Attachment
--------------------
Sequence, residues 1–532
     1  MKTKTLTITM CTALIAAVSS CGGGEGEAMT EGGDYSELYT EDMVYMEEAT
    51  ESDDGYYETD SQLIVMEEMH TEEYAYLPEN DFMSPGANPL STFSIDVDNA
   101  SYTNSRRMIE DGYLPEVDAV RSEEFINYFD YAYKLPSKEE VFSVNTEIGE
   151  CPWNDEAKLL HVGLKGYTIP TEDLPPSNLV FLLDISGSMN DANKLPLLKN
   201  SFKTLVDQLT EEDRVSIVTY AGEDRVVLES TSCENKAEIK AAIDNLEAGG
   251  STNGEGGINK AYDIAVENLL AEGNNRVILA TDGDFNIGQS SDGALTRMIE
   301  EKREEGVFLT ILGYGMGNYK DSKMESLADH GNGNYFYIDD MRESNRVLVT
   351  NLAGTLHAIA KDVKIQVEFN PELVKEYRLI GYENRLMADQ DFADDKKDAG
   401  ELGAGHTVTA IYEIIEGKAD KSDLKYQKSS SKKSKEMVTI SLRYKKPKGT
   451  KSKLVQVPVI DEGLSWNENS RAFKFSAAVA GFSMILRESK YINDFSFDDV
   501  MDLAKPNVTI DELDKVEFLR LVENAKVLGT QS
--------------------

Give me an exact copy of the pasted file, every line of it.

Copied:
Sequence, residues 1–532
     1  MKTKTLTITM CTALIAAVSS CGGGEGEAMT EGGDYSELYT EDMVYMEEAT
    51  ESDDGYYETD SQLIVMEEMH TEEYAYLPEN DFMSPGANPL STFSIDVDNA
   101  SYTNSRRMIE DGYLPEVDAV RSEEFINYFD YAYKLPSKEE VFSVNTEIGE
   151  CPWNDEAKLL HVGLKGYTIP TEDLPPSNLV FLLDISGSMN DANKLPLLKN
   201  SFKTLVDQLT EEDRVSIVTY AGEDRVVLES TSCENKAEIK AAIDNLEAGG
   251  STNGEGGINK AYDIAVENLL AEGNNRVILA TDGDFNIGQS SDGALTRMIE
   301  EKREEGVFLT ILGYGMGNYK DSKMESLADH GNGNYFYIDD MRESNRVLVT
   351  NLAGTLHAIA KDVKIQVEFN PELVKEYRLI GYENRLMADQ DFADDKKDAG
   401  ELGAGHTVTA IYEIIEGKAD KSDLKYQKSS SKKSKEMVTI SLRYKKPKGT
   451  KSKLVQVPVI DEGLSWNENS RAFKFSAAVA GFSMILRESK YINDFSFDDV
   501  MDLAKPNVTI DELDKVEFLR LVENAKVLGT QS